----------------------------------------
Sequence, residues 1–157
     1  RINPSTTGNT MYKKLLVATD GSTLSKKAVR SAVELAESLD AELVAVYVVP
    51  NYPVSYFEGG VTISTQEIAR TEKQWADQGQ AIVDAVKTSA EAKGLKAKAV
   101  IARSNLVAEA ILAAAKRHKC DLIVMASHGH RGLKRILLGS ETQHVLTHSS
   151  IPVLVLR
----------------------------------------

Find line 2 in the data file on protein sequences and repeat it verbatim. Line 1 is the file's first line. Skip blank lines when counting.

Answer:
     1  RINPSTTGNT MYKKLLVATD GSTLSKKAVR SAVELAESLD AELVAVYVVP